Maker Faire Brings Out eBook Inventions

This past weekend, Make Magazine’s Maker Faire visited New York City. Among a life sized “Mouse Trap” board game, a performance of Mentos exploding Coke bottles and Rubix cube-solving robots, there were a couple of book related innovations.

The Book Liberator is a homemade book scanner that uses two cameras within a cube structure to scan a print book. The photos are saved as image files, which can then be formatted into an eBook format using software called Djuvubind and Scantailor.

Here is more from the Book Liberator blog: “Djuvubind takes all of those individual images, stitches them together, and compresses that into a very tiny book in the djvu format. I have 1400 page academic books that are now pleasantly readable 10 MB files thanks to this combination of Scantailor and Djvubind…. For each of those 1400 page books all I had to do was 1) rotate the first two pages, 2) hit “Go” for auto crop, 3) draw a box around the few pictures so that their full resolution would be preserved in the final output, 4) run djvubind.”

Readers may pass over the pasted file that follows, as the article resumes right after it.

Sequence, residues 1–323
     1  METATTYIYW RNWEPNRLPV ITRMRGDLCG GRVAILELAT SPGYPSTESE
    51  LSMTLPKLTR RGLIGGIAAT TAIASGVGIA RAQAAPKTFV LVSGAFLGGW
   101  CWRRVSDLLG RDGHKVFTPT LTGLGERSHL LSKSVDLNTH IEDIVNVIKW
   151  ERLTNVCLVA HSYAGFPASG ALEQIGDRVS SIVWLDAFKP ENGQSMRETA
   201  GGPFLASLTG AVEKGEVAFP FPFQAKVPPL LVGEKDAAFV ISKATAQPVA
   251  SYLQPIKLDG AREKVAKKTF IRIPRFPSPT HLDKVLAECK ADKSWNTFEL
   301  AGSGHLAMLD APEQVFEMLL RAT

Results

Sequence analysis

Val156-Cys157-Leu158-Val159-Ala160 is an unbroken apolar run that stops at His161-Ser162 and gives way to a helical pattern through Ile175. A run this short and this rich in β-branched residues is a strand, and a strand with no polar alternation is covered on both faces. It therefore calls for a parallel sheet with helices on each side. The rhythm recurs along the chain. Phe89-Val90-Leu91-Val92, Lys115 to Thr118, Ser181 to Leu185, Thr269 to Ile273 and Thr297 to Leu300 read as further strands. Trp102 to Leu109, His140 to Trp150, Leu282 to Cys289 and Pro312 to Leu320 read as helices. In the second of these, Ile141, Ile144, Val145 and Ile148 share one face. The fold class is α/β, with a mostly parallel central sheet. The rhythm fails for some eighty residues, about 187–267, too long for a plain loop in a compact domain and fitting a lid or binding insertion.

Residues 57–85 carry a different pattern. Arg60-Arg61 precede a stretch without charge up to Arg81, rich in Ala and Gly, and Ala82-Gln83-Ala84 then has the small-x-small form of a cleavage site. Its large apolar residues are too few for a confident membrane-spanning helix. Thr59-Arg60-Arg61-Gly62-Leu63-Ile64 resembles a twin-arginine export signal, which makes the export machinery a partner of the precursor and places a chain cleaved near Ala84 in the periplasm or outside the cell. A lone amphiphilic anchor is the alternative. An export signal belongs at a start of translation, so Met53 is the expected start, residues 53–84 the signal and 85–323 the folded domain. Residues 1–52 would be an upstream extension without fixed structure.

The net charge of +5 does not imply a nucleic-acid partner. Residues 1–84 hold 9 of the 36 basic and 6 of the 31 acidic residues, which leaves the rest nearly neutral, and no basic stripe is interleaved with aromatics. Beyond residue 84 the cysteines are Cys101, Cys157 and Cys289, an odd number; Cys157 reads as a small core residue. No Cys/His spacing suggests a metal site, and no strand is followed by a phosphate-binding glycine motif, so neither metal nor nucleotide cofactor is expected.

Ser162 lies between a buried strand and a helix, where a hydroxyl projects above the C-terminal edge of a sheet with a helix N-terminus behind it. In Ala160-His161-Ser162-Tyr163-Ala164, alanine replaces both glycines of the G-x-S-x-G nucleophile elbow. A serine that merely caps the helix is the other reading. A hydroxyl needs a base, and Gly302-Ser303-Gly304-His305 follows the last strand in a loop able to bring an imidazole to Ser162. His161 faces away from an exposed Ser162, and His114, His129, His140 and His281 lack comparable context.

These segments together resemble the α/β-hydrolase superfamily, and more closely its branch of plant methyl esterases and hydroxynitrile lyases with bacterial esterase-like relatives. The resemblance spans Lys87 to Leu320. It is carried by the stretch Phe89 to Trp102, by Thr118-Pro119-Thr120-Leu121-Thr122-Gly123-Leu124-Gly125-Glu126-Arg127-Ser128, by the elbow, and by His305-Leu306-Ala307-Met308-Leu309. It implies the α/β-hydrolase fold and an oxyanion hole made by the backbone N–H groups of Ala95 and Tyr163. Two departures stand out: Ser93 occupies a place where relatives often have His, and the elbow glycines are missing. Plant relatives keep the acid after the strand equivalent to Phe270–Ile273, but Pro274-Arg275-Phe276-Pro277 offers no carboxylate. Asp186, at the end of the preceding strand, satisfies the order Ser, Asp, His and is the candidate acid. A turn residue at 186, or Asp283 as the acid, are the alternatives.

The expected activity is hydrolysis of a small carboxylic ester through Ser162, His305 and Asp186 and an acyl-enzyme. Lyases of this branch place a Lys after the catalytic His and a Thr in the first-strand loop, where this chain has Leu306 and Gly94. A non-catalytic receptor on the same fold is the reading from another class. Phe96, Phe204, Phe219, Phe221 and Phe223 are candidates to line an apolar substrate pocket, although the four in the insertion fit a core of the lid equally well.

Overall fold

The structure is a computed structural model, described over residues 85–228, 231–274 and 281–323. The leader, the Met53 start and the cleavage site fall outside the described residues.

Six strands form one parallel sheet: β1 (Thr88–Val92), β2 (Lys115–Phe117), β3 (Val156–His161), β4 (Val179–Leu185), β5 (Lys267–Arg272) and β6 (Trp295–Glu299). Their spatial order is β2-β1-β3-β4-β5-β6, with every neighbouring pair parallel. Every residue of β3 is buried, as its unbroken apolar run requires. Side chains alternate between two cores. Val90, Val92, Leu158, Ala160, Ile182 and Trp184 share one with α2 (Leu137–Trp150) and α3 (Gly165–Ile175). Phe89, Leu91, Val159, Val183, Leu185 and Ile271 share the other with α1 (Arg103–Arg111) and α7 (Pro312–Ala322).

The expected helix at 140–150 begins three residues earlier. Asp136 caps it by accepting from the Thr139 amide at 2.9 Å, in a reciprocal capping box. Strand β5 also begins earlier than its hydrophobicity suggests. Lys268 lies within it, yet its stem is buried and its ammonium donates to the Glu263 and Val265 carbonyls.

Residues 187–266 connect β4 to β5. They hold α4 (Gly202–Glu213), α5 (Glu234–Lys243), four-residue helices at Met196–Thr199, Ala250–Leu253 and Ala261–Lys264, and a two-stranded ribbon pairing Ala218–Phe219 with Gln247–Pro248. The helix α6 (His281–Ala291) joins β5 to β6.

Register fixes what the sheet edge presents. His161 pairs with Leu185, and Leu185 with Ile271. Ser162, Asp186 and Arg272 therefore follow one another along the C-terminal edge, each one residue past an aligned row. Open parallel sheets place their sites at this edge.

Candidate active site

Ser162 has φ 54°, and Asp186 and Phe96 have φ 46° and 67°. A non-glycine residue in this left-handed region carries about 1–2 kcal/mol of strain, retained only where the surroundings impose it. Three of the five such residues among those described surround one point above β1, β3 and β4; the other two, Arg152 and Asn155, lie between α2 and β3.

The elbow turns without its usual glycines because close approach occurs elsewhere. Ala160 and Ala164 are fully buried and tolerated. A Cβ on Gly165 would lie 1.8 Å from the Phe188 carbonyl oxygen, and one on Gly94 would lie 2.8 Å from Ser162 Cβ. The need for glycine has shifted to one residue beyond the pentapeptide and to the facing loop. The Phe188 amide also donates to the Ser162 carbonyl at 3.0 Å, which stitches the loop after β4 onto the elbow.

Another book related project at the Maker Faire was called “BYOB” aka “Bring Your Own Books,” which makes interactive art out of throwing print books. To play, you throw a print book at a blank projection of light on the wall. When the book hits the lighted panel, letters come falling from the projection. Check out this video to see how it works. Kids at the fair were lined up for the action.